We recommend that the members be given the option of choosing a leadership selection process, be it traditional, neo-customary, or the Indian Act, and it must be consistent with human rights principles and natural laws of justice.

    We recommend that the Blood Band adopt a democratic referenda practice, a full majority of the electorate. Today, a simple majority is used.

    We recommend that an equal number of seats be designated for the women on band council--that's one of our strongest statements--since first nations women have been disadvantaged by a patriarchal elective system imposed by the Indian Act.

    Thank you.

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    The Chair: Thank you. There will be time for questions.

    We thank you for a most excellent presentation. You did your homework. You talked about the issues that we're here to talk about. I suspect that you're very courageous to be here. Great communities are built by courageous people, so the people you represent are lucky to have you. I know you'll make a better community because of your involvement.

    Mr. Chatters.

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    Mr. David Chatters (Athabasca, Canadian Alliance): Thank you, Mr. Chairman.

    Again, I would reinforce the chairman's comments. It's a wonderful presentation, but the longer I sit and listen to the presentations, I become more and more confused myself about what this bill is about and what it's trying to achieve. It was my impression, from listening to the minister and listening to the department, that this bill is trying to achieve exactly what you're looking for. It's trying to empower the people of the band--to give more control to the people and make the leadership accountable to the people of the band. Yet, there seems to be some suggestion that it's not, that it's a derogation of treaty rights, and I don't quite understand how it is seen that way.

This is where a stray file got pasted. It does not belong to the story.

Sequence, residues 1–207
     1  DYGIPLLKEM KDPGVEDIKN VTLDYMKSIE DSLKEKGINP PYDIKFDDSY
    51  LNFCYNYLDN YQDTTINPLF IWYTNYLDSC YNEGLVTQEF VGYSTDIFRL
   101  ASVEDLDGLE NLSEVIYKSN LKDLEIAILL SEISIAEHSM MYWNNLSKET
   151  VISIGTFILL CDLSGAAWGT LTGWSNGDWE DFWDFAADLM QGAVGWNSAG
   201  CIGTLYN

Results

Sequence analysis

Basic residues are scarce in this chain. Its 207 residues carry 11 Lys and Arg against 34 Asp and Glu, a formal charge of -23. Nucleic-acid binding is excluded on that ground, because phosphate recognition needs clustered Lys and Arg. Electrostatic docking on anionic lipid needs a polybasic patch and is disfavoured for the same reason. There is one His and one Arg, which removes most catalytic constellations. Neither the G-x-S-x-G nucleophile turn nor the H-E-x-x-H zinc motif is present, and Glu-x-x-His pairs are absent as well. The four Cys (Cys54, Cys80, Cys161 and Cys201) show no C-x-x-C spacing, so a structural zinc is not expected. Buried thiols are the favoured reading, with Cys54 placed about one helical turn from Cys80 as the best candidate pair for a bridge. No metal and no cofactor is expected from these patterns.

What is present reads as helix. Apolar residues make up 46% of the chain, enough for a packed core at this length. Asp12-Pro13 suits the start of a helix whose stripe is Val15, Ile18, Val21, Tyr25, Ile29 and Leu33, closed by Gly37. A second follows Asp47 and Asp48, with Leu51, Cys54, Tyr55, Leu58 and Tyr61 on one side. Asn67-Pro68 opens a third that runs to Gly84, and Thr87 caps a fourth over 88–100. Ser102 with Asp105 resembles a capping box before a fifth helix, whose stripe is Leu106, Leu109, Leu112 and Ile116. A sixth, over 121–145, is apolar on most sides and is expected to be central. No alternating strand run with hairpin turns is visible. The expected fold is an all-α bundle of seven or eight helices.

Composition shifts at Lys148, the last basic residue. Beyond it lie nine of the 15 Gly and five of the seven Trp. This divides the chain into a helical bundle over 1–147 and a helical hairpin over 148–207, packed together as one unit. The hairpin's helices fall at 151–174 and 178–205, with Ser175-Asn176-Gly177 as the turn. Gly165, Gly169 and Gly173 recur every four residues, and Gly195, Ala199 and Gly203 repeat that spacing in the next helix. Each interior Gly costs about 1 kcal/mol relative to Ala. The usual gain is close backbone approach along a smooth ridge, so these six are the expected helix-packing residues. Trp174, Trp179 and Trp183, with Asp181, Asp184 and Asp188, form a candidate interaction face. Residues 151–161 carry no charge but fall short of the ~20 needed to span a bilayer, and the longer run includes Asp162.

In my area I have complaints every day--the same kinds of complaints that you're talking about--on social issues and election irregularities and those kinds of things, that the people don't seem to have any power to do anything about.

    While this is not my party's bill--this is a government bill--I believe the minister has offered us a genuine opportunity to make this bill better, to make it address the issues that you're talking about, if in fact it doesn't. It would be extremely helpful for us, particularly as opposition members, to have specific amendments to specific clauses of the bill that you say are vague. If you could provide us with amendments to those clauses that would remove that vagueness and make it achieve what you want to achieve and present them to the clerk, we could take those amendments forward when we go clause-by-clause in this bill.

    Then we can in fact make it a better bill and make it do what you want it to do, because it's far from perfect. But my hope is that it takes us a step in the right direction to resolving some of the issues that you talk about. I think if we abandon it, if the opportunity is lost, that would be a shame for families and for Indian people in those communities.

¿  +-(0940)  

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    Ms. Dolores Day Chief: I think the concern people have is that this process was rushed. Most of our people do not know what is happening in our community. We've tried to bring this out and to have dialogue. We've had some dialogue on it. We are speaking to the group tomorrow again at our conference.

    The concern people have is that they're mistrustful. We were already empowered. We don't need to have an outside body give us power. The fact is that our leaders have this split accountability--we elect them and you tell them what to do--so they're in this quagmire. For every solution you come up with to a problem, there are 20 more created.